Lactation Room and Policy Requirements: NYC employers must provide a designated lactation room and refrigerator suitable for breast milk storage in "reasonable proximity" to the employee's work area. The law sets forth specific elements for the provision of a lactation room: It must be private and clean —not a bathroom— and contain a chair, an electrical outlet and a flat surface on which to place personal belongings. Although the designated lactation room may be used for other purposes, the employer must give priority use to employees needing to express breast milk. Employers must also have a written policy notifying employees of their rights. Specifically, the policy must (1) include a statement that reasonable break time to express milk is permitted pursuant to Section 206-c of the New York Labor Law; (2) outline the process to request the use of a lactation room; (3) outline a process to address requests by two or more employees for use of a lactation room; (4) state the employer will respond within five business days; and (5) state that the employer will engage in "cooperative dialogue" if the request poses an "undue hardship."

Ban on Drug Testing Applicants for Marijuana to Begin May 2020: Effective May 10, 2020, NYC employers will be prohibited from drug testing prospective employees for marijuana as a condition of employment. The law includes limited exceptions to the drug testing prohibition, exempting employees in identified safety-sensitive positions and testing required by federal law or a federal government contract. The law also will not bind employers who are a party to a collective bargaining agreement that "specifically addresses" the drug testing of applicants, but only as to those employees.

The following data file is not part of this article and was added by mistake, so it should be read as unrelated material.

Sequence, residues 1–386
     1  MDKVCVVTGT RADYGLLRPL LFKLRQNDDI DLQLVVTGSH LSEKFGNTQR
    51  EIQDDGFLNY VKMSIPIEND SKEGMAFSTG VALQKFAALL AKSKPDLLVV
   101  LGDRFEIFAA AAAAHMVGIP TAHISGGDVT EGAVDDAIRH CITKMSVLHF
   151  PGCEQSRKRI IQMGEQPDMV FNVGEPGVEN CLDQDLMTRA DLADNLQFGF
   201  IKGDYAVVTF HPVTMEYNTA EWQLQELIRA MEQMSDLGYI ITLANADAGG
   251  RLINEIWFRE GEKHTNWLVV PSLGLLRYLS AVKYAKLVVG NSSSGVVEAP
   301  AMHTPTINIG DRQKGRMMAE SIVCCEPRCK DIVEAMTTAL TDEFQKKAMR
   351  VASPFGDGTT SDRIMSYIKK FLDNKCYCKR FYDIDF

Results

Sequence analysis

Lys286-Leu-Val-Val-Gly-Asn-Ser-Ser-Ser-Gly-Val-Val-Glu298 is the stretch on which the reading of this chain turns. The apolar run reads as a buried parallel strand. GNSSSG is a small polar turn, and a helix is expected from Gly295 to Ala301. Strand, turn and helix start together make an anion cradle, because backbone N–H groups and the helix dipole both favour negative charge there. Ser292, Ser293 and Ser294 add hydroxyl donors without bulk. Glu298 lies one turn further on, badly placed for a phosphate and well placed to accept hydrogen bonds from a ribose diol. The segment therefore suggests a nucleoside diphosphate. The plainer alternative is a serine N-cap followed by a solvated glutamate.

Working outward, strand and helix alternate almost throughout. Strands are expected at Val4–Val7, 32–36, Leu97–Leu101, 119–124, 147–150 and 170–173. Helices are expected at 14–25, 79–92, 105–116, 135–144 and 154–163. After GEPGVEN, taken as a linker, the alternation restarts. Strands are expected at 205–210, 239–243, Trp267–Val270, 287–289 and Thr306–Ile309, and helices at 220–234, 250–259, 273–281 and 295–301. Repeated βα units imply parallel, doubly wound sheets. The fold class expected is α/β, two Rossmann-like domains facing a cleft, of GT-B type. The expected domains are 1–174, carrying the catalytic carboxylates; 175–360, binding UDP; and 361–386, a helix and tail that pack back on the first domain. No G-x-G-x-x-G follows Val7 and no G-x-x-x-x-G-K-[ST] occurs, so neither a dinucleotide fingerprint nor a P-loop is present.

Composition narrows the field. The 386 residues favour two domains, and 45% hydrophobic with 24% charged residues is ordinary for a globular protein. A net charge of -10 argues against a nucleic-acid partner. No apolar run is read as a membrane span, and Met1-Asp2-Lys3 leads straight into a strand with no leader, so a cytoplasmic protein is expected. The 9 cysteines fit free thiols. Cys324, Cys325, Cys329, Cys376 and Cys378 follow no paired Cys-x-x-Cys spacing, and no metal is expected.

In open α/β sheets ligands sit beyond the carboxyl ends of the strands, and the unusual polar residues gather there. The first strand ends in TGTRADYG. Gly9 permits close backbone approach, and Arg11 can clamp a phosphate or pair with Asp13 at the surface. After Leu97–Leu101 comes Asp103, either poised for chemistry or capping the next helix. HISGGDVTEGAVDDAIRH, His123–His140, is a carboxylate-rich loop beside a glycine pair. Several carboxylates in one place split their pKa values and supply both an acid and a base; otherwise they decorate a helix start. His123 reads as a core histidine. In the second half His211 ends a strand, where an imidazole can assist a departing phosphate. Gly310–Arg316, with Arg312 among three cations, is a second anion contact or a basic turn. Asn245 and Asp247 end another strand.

Proposed Mandatory Vacation Time Bill: In May 2019, the NYC Council introduced a bill that seeks to amend the NYC Earned Safe and Sick Time Act to require employers to provide 80 hours of "personal time" (i.e., for any reason) to employees each calendar year. If passed, employers with five or more employees would need to pay employees for this time off, with smaller New York City employers required to provide 80 hours of unpaid personal time. The NYC Council has not voted on this bill, but there are clear signs that the Mayor favors this legislation.

Westchester County

Sick Leave: Since July 2014, NYC employers have had to comply with the city's paid sick leave law. Effective April 10, 2019, Westchester County employers also need to comply with a mandatory sick leave law. Employees who work in Westchester County for more than 80 hours in a calendar year are eligible for up to 40 hours of sick leave under the Earned Sick Leave Law. All employers must provide the required sick leave, but the time is paid by employers with five or more employees. Eligible employees begin to accrue sick leave on July 10, 2019 (or their first day of employment, if later). Employers may prohibit use of sick time until the employee has worked for the employer for 90 days. Critically, for all employees working on or before July 10, 2019, employers must provide notice of this new law by July 10. Employers must provide new employees (hired after July 10, 2019) notice on their first day of employment.

Safe Leave: Effective November 2019, Westchester employers will need to provide annually 40 hours of paid safe leave, in addition to the mandatory sick leave noted above, pursuant to the Safe Time Leave for Victims of Domestic Violence and Human Trafficking Law (safe leave). Safe leave is provided so that employees may "attend/testify in criminal and/or civil court proceedings relating to domestic violence or human trafficking and/or to move to a safe location." Employers may set forth the manner in which employees may request foreseeable use of safe leave and may also require documentation for its use. Employers must also post a notice (in English and Spanish) about the new law and provide written notice to new hires when they start employment and to current employees within 90 days of the law's effective date.

The evolving New York employment law landscape requires employers to remain vigilant regarding updates. As such, employers should seek legal assistance with policy revision, training and guidance on these recent changes.